Over the years, we, humans, kill the same thing that keeps us alive.
The continuous exploitation of our rich natural resources, mindless use of non-renewable energy, irresponsible waste disposal, and apathy to our environment put our country in jeopardy.
But it’s not too late to turn the tables.
Reviving our nature does not necessarily mean a single heroic act. Sometimes, it means coming together and planting trees.
On June 15, Haribon Foundation and Magellan Solutions facilitated a tree planting activity in Barangay Tanauan, Real, Quezon.
“I think it’s very crucial for companies to promote environmental activities like this because it helps encourage people to look after the environment. It’s very critical that we take care of the environment right now because of greenhouse gasses and environmental changes,” Fred Chua, the chief executive officer of Magellan Solutions stated.
For six months, the Barangay Tanauan Farmers Association took care of the 2,500 seedlings that were planted on the site. After the said activity, they will look after the native trees to ensure its growth and survival.
Together with some Haribon officers and BATAFA members, around 120 employees devoted their time to plant 2,500 native trees.
“What we’re doing right now is to establish those areas where a good variety of native trees can start re-establishing the entire area so that hopefully, someday, the entire Sierra Madre mountain range can recover its former coverage of natural forest,” Joseph Riel A. Senga, the partnerships officer of Haribon Foundation said.
He also added that this project does not only tap with forest restoration tree planting.
“We’re also working with the local communities [through education and awareness campaign] to ensure that the area becomes [a] suitable habitat. The project that we have is actually the Species of Hope for the Northern Rufous Hornbill so we’re re-establishing its habitat here in [the] Sierra Madre specifically in Real.”
During the orientation, the president of the Barangay Tanauan Farmers Association (BATAFA) explained that this activity is particularly important for them to prevent landslides in the near future.
Forests for Life Program Coordinator Thaddeus Martinez recounted that back in 2004, a massive landslide killed thousands of people in the towns of Real, Infanta, and General Nakar.
The growth of our population is inversely proportional to the growth of our forest.
To support our needs, at least 54 percent of the total land area of the Philippines should be covered with forests. However, based on the 2015 data from the Philippine Forestry Statistics, we only have 22.8 percent of forest cover left due to reckless logging, slash-and-burn farming (kaingin), and mining activities.
This has been a very sharp decline.
According to Global Forest Watch, the Philippines lost 1.09 million hectares of tree cover from 2001 to 2017. This is equivalent to a 5.9 percent decrease since 2000 and 118 metric tons of carbon dioxide emissions.
Aside from sustaining our needs, forests also serve as a climate buffer, Partnerships Officer Senga emphasized.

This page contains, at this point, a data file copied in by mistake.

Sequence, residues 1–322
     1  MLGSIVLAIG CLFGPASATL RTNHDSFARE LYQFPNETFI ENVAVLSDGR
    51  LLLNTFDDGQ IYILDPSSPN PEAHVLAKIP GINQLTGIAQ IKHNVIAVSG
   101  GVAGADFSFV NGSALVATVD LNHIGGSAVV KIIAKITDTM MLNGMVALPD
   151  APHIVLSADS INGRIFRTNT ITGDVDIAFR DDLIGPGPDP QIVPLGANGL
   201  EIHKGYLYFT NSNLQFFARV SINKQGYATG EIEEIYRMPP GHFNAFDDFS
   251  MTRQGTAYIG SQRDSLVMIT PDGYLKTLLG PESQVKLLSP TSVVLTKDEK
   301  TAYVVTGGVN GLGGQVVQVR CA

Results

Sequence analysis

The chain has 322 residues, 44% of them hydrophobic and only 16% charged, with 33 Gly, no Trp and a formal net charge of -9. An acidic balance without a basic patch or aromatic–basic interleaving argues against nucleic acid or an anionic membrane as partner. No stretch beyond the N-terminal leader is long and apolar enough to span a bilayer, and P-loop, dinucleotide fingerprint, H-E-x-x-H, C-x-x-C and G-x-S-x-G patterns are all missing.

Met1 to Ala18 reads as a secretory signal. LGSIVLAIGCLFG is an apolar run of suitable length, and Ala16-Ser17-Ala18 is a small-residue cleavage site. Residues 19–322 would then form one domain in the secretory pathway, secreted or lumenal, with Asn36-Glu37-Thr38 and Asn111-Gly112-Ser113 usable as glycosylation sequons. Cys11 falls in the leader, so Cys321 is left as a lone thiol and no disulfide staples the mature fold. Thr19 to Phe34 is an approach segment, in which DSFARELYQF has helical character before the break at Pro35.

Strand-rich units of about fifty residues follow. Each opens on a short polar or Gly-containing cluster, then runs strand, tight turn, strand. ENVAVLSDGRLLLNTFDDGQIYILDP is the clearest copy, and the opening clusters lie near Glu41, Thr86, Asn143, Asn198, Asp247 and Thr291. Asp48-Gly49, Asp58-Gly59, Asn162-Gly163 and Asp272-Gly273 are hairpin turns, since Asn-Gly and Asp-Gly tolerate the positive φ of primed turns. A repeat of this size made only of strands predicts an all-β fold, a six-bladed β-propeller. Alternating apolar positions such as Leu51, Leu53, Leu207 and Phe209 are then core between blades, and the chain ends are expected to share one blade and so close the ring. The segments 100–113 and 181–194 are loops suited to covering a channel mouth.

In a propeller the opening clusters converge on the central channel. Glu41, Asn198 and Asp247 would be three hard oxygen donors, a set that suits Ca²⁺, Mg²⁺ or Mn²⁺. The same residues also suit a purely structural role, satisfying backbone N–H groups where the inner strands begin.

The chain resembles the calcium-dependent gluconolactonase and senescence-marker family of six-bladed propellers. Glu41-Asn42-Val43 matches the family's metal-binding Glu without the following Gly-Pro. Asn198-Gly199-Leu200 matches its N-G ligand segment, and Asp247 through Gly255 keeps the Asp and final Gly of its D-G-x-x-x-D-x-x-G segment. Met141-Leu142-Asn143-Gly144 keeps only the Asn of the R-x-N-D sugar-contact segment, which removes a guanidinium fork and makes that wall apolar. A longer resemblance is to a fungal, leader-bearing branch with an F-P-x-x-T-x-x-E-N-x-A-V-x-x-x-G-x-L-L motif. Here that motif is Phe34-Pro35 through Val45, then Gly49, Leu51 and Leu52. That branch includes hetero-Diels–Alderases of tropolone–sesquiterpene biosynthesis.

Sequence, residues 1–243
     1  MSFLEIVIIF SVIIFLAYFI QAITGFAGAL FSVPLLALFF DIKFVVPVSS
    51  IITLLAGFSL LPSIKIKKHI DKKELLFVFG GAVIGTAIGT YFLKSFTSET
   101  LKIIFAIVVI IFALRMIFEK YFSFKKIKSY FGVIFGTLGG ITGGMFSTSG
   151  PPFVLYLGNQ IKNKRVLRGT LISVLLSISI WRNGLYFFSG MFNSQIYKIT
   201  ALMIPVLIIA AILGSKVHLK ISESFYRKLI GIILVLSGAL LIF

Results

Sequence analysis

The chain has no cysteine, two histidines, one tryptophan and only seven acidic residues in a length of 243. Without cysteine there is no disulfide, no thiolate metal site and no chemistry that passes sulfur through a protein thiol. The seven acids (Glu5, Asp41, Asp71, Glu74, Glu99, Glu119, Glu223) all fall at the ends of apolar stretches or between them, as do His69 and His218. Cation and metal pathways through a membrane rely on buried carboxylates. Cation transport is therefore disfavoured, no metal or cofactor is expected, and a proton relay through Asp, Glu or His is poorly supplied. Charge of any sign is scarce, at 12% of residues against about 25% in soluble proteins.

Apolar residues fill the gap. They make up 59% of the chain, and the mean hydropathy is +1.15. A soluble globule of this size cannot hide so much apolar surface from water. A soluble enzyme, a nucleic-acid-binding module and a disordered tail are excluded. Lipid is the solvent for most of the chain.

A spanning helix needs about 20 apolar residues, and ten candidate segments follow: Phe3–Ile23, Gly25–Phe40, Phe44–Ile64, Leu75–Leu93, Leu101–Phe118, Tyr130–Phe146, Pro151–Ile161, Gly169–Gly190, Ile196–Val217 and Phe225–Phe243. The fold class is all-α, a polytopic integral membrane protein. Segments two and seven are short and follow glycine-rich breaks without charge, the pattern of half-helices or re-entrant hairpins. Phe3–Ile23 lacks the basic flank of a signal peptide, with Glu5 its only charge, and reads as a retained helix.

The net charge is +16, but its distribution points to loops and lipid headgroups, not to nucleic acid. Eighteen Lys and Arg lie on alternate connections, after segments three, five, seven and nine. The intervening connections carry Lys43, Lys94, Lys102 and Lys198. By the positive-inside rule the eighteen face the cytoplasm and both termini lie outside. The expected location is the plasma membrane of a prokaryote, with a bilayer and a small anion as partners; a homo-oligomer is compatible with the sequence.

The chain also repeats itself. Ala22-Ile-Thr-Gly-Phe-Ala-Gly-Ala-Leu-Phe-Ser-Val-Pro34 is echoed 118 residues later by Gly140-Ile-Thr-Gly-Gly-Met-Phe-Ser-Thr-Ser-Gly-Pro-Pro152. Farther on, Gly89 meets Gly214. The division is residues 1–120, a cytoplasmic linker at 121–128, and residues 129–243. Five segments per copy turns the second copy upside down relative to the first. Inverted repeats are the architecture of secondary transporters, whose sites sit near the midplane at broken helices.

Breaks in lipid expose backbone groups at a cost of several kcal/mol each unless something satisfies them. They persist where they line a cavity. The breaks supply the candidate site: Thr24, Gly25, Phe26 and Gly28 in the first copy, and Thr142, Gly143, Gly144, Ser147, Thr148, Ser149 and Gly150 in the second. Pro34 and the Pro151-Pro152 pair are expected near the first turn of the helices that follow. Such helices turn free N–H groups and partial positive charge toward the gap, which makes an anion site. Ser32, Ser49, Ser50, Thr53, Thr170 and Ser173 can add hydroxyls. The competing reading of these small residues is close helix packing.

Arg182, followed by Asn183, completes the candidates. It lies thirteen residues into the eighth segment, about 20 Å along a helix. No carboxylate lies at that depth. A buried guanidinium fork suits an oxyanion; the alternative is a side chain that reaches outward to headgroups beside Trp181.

“It’s very imperative for us to keep doing these kinds of restoration works because in the end, [it’s] up to us to make ourselves more resilient to future changes, especially in the face of climate change,” he added.
A total of 12 species of native trees were planted in the area that was grown and taken care of BATAFA members for six months prior to the tree planting activity.
Philippine native trees should be planted on tree planting activities to restore the ecological equilibrium of the forest.
“We really want to promote [the] awareness and [the] use of native trees for forest restoration,” Martinez stressed.
The use of native trees in environmental efforts is the best way to restore our natural forests as it encourages the return or increase of biodiversity.
Unfortunately, loggers usually have their eyes on slow-growing and hardwood native trees due to its high-value in the market. Such irresponsible logging activities would then strip off the habitat of the Philippine wildlife.
Meanwhile, using exotic trees in tree planting activities, such as mahogany, destroys the equilibrium in forested areas.
Unlike exotic trees, native trees are more resilient. It has already co-evolved with other Philippine flora and fauna for million years — the reason why it can support richer biodiversity.
More than a hundred employees of Magellan Solutions, staff and volunteers of Haribon Foundation, and members of the local farmers association took part in planting 2,500 native trees in order to restore an area in Real, Quezon which is believed to be a habitat of the Northern Rufous Hornbill (locally known as Kalaw).
“Because it is a five-year plan, Magellan Solutions is looking at the long-term aspects of environmental change,” Chua said.
Earlier this year, some employees also participated in a 3D mapping activity in the Haribon headquarters.
As part of its long-term partnership, several activities are expected to take place in the future.
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